This is a detail that seems almost not worth mentioning, but when looking through books from independent or self publishers, and some small press works, there is one glaring problem that keeps me (and many other potential readers) from giving it a try. People might see your book, pick it up, and then decide to put it down again without even opening the cover or downloading a preview. What am I talking about? The book summary.
The idea of the book summary is simple–just describe the book in a few sentences or paragraphs and try to get people hooked. But it’s also very hard to write. How can you show off your great novel if your confined to only a back cover? How can you give a tantalizing preview for your story without giving too much away? More importantly, just how important is a book summary in the grand scheme of things?
Let’s look at that last question first. How important is it that you write a good book summary? For one thing, it’s usually the first thing that people read when they’re interested in your book. But that’s not all. If you’re trying to publish through a traditional publishing house and looking for an agent to help you out, you need to try to grab their attention too! Believe it or not, the best way to start a letter to a prospective agent is with a brief summary of your book just like the one you would find on the back cover or an inside jacket. In other words, the summary could be the big thing that’s keeping you from getting an agent and from there, getting published. On the other hand, as you know if you’ve ever read a really good summary, it can also be the thing that makes your book a hit. There have been several cases when I picked up a book out of curiosity and read the summary, and then knew I had to get it or check it out of a library. Summaries can be the life or death of your novel!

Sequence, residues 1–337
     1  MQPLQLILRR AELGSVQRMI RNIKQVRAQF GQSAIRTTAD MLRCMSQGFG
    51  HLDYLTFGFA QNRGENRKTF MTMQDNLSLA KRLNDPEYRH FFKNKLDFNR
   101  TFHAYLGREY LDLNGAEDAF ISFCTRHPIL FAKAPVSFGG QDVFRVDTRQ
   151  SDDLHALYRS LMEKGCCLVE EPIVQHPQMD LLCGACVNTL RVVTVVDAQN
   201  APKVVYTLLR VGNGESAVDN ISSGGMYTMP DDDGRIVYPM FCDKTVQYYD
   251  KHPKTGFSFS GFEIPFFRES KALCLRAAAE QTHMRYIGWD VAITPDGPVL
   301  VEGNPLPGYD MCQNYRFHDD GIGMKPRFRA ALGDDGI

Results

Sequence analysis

Now that the importance has been established, how can you make sure that your summaries are good, and how can you write a good one if the very idea of it makes you cringe with fear? Here’s a brief list of do’s and don’t’s that will hopefully be helpful:
- Do spend some time thinking about it before hand. The first thing you type up probably won’t be any good if you don’t know exactly where to go with it!
- Do read other book summaries. They’re easy to find both online and on books. Look up some of your favorites or some that you want to read and make a note of everything that grabs your attention.
- Do focus on what makes your book unique. Do you blend genres in a way that no one else does? Are your characters the craziest in the literary world? Is your imaginary universe something the reader will never forget? Drive that point home!
- Do include details specific to your story. A lot of people get carried away with this, but just make sure that your characters and locations have names and memorable quirks that might make a reader want to give it a try.
- Don’t give it all away. This is perhaps the biggest mistake I’ve seen people make. Don’t try to cram everything into a few paragraphs because this doesn’t work. It’s a summary, not a miniaturization!
- Don’t simply state the facts. Remember that this is a sample of your writing as well–you need to sell it!
- Don’t use cliches. This should be obvious, but a lot of people forget it. “Classic battle between good and evil,” “unforgettable love story,” and “a matter of literal life or death” should all be banned.
- Don’t dawdle. A bit of chit-chat is one thing, but remember that this is supposed to give your readers a taste of the story!
- Don’t lie. Another one that should be obvious, but if you feel like you need to stretch the truth of your story to make the summary sound interesting, maybe you should stop writing and spend some time thinking about what makes your story really unique.
Following these steps will not guarantee you a bestseller. If they did, I’d probably be ironing out a fancy book deal or author-signing tour instead of sitting by a living room window typing this. But it can give you credibility as a writer and make people much more interested and willing to read what you have to say. You never know how close you are to catching one more person’s devotion to your work!